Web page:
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Beach Baptist market here to stay

November 30, 2016
Jessica Salmond - News Editor ( , Fort Myers Beach Bulletin, Fort Myers Beach Observer

The orange-shaped juice stand at the Beach Baptist farmers market is hard to miss - its bright, spherical shape catches the eye among other vendors in tents.

Don and Heather Reagan of Mom's Restaurant started setting up shop at the farmers market to help their brick-and-mortar (rather, a beach cottage-turned cafe) business up the street.

As he fresh-squeezed juice for a wandering market customer at the orange stand, Don Reagan said having a spot at the market had been successful for his business, and others around him.

Article Photos

Vendors line the Beach Baptist Farmers Market every Wednesday.

A unanimous vote from the Fort Myers Beach Town Council at its Nov. 21 meeting will allow the market to stay, but its weekly appearance was threatened after the market failed to get a special events permit in August.

Religious entities used to be exempt from needing a special event permit to conduct outdoor events. The market's original permit expired in May of this year and the market continued over the summer.

Rev. Shawn Critser spoke before council and pledged that the permitting issue was a matter of miscommunication - the church continued into the summer because it was told it was exempt, he said.

"It is in no way a defiance," he said.

In August, the town council adopted a new ordinance pertaining to special events, part of which removed the exempt status of religious entities.

"We didn't know," he said, "We were cited. The church doesn't want to appear noncompliant, it was just bad timing."

The citation went to special magistrate - and the market continued running each week.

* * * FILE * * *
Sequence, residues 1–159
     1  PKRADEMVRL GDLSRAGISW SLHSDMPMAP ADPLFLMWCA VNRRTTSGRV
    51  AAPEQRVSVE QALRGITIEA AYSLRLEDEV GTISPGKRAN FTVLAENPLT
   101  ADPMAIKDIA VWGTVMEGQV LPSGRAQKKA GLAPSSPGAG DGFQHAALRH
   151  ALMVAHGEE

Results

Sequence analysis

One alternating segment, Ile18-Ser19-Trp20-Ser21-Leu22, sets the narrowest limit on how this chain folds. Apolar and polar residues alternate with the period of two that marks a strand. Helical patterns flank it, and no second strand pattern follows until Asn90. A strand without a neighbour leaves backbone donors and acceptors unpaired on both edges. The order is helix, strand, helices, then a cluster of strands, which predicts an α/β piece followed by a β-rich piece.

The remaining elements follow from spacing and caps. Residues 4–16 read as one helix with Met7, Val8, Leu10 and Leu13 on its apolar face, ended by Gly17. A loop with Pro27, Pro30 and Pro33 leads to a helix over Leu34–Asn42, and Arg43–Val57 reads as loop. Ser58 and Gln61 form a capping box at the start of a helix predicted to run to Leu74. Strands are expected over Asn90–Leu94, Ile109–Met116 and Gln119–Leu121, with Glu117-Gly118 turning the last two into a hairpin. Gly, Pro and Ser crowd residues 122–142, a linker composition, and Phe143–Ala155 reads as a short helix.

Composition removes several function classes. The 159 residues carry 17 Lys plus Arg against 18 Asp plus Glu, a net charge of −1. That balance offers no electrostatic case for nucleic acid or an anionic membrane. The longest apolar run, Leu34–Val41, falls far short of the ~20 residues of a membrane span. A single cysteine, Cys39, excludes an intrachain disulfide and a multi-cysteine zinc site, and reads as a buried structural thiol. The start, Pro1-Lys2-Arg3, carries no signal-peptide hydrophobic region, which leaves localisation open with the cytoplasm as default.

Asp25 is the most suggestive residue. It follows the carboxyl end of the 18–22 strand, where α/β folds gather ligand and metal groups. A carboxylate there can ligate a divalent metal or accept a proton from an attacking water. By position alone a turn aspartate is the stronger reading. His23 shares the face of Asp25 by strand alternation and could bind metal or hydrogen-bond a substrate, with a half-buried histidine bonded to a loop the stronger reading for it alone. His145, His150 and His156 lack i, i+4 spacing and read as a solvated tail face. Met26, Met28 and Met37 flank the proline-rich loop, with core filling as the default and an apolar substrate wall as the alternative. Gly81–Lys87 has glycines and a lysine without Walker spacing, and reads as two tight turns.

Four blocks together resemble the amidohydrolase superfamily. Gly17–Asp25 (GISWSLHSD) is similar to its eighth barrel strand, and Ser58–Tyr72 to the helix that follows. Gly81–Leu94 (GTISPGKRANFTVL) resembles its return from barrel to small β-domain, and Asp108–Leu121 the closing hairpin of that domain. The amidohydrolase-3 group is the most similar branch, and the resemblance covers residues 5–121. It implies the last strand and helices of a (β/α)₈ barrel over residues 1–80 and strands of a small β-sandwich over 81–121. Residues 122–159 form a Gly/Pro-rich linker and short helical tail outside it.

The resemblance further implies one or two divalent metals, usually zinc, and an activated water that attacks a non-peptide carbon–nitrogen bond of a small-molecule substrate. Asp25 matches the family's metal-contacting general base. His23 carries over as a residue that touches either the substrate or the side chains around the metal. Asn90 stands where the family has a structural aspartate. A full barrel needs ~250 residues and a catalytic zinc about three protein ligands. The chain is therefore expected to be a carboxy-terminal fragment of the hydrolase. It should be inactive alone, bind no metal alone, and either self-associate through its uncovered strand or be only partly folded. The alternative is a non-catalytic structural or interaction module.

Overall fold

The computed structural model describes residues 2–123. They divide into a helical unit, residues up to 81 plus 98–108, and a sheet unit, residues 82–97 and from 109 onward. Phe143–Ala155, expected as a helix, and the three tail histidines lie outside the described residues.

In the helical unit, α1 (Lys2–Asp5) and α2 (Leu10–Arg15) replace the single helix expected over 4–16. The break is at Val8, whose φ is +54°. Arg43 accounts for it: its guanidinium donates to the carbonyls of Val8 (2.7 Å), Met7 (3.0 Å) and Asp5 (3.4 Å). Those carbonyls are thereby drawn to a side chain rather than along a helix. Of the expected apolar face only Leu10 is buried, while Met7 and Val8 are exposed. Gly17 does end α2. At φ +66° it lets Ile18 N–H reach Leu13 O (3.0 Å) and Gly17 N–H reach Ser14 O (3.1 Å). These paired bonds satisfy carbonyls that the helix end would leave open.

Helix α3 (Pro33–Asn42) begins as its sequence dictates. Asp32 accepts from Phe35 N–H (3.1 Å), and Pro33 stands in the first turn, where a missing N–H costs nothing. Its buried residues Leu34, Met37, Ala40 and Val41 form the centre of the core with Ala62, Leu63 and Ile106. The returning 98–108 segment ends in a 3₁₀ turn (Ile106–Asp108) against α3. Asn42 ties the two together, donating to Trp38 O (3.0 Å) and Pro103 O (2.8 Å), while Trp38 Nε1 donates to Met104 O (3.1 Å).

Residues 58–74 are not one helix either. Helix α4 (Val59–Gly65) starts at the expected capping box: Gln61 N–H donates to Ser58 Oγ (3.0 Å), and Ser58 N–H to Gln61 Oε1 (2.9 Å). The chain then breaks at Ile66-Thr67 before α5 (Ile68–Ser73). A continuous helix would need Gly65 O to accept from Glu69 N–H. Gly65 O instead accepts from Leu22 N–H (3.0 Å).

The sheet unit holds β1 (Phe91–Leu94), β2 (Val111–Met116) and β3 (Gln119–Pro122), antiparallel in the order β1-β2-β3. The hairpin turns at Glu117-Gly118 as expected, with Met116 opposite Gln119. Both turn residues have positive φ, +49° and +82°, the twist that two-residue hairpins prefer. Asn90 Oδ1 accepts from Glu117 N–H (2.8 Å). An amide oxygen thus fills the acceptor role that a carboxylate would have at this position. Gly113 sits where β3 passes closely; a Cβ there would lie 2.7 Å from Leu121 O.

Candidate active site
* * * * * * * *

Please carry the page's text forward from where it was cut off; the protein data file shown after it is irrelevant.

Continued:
"Why did they continue running this operation without applying for a permit?" said Mayor Dennis Boback, who finally voted to allow the market.

The church had also been cited for some other violations, such as permanent RVs being parked on the property and insufficient buffering around its perimeter.

"Everything we've been approached with has been there from the 90s," Critser said. "We put in 157 bushes and trees, and cost almost $30,000."

Before the meeting, the market got a passionate defense from its employees and visitors during public comment.

"It's more than just a market, it's a community effort," said Forest "Butch" Critser, the church's building supervisor. "It's an opportunity for our community to get together."

Council Member Tracey Gore said she had not received any complaints about the market, except that some boaters had been tying up at the Mound House to attend the market down the street.

The market's assured permit was good news to its vendors.

"I'm glad to see the town coming on board," Reagan said. "Small business is important. We want to have our opportunity."



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